Russia is carrying out a sustained campaign of cyber attacks targeting democracy and critical infrastructure in the West, UK Defence Secretary Sir Michael Fallon has warned.
Moscow hoped to destabilise governments, expand its influence and weaken Nato by "weaponising misinformation" he said.
Sir Michael said Russian President Vladimir Putin had chosen to become a "strategic competitor" of the West.
Moscow said the claims were unfounded.
It came as UK Prime Minister Theresa May was preparing to press fellow Nato members to spend more on defence at an informal EU summit in Malta.
Meanwhile MPs have warned that a skills shortage and "chaotic" handling of personal data breaches are undermining confidence in the UK government's ability to protect its own infrastructure and economy from cyber attacks.
Sir Michael said Nato needed to do more to tackle a "false reality" being propagated by the Kremlin and said its member states must strengthen their cyber defences.
"Nato must defend itself as effectively in the cyber sphere as it does in the air, on land, and at sea, so adversaries know there is a price to pay if they use cyber weapons," he added.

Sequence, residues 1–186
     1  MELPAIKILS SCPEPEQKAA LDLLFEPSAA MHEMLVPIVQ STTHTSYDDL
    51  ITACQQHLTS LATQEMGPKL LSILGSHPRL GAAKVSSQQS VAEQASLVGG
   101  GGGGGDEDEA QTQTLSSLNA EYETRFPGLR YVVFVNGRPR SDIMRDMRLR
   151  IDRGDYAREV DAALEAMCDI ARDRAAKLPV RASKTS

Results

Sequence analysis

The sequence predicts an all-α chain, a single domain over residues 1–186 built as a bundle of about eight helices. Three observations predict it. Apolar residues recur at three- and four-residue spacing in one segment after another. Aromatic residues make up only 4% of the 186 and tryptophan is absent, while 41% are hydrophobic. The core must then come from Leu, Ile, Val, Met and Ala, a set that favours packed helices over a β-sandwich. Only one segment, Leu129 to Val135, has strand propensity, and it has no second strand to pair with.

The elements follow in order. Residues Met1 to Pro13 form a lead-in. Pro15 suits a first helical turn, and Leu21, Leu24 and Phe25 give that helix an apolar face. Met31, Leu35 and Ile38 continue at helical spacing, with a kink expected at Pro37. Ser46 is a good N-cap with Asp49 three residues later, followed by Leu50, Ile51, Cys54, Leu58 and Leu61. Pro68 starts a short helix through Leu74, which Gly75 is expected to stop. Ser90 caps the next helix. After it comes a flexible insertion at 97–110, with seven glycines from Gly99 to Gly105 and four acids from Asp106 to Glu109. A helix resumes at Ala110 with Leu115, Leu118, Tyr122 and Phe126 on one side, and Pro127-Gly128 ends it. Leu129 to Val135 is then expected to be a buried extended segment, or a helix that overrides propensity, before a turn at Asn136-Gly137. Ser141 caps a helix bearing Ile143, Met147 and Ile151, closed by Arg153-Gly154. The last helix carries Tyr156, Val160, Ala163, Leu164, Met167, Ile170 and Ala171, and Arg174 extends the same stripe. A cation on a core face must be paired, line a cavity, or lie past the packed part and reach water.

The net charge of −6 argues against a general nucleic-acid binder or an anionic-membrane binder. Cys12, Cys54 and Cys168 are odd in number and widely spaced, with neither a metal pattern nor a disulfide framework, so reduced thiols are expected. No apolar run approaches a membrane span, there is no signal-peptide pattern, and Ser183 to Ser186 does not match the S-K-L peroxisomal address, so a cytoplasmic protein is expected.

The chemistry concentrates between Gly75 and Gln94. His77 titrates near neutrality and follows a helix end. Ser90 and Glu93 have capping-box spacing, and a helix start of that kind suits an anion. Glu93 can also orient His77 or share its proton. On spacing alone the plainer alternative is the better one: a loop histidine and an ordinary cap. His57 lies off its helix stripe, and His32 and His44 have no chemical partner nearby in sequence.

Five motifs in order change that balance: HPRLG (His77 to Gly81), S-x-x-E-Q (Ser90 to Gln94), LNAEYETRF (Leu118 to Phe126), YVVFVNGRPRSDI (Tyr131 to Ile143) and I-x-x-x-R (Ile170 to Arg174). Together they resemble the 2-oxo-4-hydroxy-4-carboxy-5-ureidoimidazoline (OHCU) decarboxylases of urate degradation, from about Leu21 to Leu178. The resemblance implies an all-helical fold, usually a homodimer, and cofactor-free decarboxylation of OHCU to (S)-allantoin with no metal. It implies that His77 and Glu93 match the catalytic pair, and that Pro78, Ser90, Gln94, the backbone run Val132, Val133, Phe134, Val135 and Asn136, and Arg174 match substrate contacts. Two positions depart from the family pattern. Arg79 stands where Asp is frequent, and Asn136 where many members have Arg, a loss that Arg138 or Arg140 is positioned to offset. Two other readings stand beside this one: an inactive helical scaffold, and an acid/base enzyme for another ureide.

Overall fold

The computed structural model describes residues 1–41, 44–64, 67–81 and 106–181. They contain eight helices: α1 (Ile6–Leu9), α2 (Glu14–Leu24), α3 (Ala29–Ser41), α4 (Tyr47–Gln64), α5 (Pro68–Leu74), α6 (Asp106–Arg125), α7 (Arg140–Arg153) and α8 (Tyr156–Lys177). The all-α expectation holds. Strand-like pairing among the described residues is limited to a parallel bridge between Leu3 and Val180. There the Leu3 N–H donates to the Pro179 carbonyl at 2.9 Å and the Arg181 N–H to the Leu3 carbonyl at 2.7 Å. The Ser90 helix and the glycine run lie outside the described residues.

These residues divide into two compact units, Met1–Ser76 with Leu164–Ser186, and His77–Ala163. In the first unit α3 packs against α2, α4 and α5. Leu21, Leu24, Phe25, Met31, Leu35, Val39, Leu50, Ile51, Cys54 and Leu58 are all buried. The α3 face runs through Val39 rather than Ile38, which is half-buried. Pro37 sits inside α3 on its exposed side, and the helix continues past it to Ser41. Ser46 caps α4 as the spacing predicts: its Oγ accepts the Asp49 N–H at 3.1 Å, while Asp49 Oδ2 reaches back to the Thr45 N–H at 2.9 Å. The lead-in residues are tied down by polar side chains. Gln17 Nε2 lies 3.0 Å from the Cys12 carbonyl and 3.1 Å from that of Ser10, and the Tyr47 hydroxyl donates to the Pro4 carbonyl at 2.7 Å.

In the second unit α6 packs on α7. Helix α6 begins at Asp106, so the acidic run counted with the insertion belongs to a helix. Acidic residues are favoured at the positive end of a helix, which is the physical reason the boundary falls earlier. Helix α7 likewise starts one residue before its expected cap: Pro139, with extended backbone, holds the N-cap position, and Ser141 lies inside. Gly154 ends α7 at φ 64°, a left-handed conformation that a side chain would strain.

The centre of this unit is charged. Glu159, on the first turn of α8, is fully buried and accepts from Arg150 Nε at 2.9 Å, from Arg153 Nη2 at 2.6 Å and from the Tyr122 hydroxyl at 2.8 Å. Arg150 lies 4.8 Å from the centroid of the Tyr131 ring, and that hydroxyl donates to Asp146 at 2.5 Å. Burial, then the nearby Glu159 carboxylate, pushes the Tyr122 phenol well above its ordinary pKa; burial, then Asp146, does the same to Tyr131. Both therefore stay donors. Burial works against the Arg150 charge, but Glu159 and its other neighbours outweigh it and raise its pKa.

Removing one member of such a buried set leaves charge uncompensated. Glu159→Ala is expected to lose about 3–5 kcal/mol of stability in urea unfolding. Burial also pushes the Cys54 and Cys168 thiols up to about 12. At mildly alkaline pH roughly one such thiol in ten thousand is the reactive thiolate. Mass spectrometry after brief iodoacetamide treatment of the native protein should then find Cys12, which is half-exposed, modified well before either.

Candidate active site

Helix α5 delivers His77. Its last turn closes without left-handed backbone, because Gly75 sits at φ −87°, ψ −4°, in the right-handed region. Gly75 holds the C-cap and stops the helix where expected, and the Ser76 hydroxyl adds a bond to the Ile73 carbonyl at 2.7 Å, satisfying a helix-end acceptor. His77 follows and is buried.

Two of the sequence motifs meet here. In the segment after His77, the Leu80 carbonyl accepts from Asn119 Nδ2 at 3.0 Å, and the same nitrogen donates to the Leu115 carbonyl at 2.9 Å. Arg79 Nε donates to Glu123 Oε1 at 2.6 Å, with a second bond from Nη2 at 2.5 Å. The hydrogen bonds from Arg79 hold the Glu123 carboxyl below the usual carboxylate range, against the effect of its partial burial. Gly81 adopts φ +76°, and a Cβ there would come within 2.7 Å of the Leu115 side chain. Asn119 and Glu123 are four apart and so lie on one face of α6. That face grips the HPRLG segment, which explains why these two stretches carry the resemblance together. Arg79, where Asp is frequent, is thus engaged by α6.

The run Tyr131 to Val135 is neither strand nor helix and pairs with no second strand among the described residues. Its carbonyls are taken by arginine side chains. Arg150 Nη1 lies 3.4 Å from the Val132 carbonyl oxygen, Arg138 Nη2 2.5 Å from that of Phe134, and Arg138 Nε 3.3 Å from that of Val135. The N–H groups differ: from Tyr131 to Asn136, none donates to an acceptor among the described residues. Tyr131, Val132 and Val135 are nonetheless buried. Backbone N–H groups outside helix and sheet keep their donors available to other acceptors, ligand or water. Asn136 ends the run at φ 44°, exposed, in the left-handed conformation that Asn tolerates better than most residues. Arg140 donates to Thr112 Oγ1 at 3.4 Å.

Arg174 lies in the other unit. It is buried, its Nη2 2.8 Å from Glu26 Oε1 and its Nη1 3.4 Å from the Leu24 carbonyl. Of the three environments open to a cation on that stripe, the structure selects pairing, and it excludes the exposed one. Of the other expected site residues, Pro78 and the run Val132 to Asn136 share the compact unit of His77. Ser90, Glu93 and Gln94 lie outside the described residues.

The defence secretary pointed to a "persistent pattern of behaviour" by Moscow, highlighting a series of cyber attacks that had been linked to Russia.
Another cyber attack, on Bulgaria in October 2016, was described by the country's president as the "heaviest" and most "intense" to be conducted in south-eastern Europe.
Sir Michael also spoke about the suspected Russian hacking of the two main political parties in the US presidential elections.
Russia has denied any involvement in the hacking, and WikiLeaks founder Julian Assange has denied that Moscow was the source of Democratic Party emails leaked on his website. .
Sir Michael said: "Today, we see a country that in weaponising misinformation has created what we might now see as the post-truth age.
"Russia is clearly testing Nato and the West. It is seeking to expand its sphere of influence, destabilise countries and weaken the alliance.
"It is undermining national security for many allies and the international rules-based system.
"Therefore it is in our interest and Europe's to keep Nato strong and to deter and dissuade Russia from this course."
Sir Michael backed US president Donald Trump's call for all Nato member states to honour the commitment to spend a minimum of 2% of GDP on defence.
A Kremlin spokeman said: "We're very disappointed that minister Fallon is so aggressively disposed, we are sure that such an accusation against our country is unfounded.
"We don't see how a minister that has such a senior post can carry out such unfounded accusations that are based on nothing at all.
"We hope that in time, Great Britain will in some way take a constructive approach that will lead to a normalisation in relations between our two countries."